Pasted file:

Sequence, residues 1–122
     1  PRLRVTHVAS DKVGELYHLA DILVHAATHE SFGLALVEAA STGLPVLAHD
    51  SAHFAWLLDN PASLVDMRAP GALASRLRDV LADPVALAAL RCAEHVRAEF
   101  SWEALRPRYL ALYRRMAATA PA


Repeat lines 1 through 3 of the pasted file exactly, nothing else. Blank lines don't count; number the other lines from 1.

Sequence, residues 1–122
     1  PRLRVTHVAS DKVGELYHLA DILVHAATHE SFGLALVEAA STGLPVLAHD
    51  SAHFAWLLDN PASLVDMRAP GALASRLRDV LADPVALAAL RCAEHVRAEF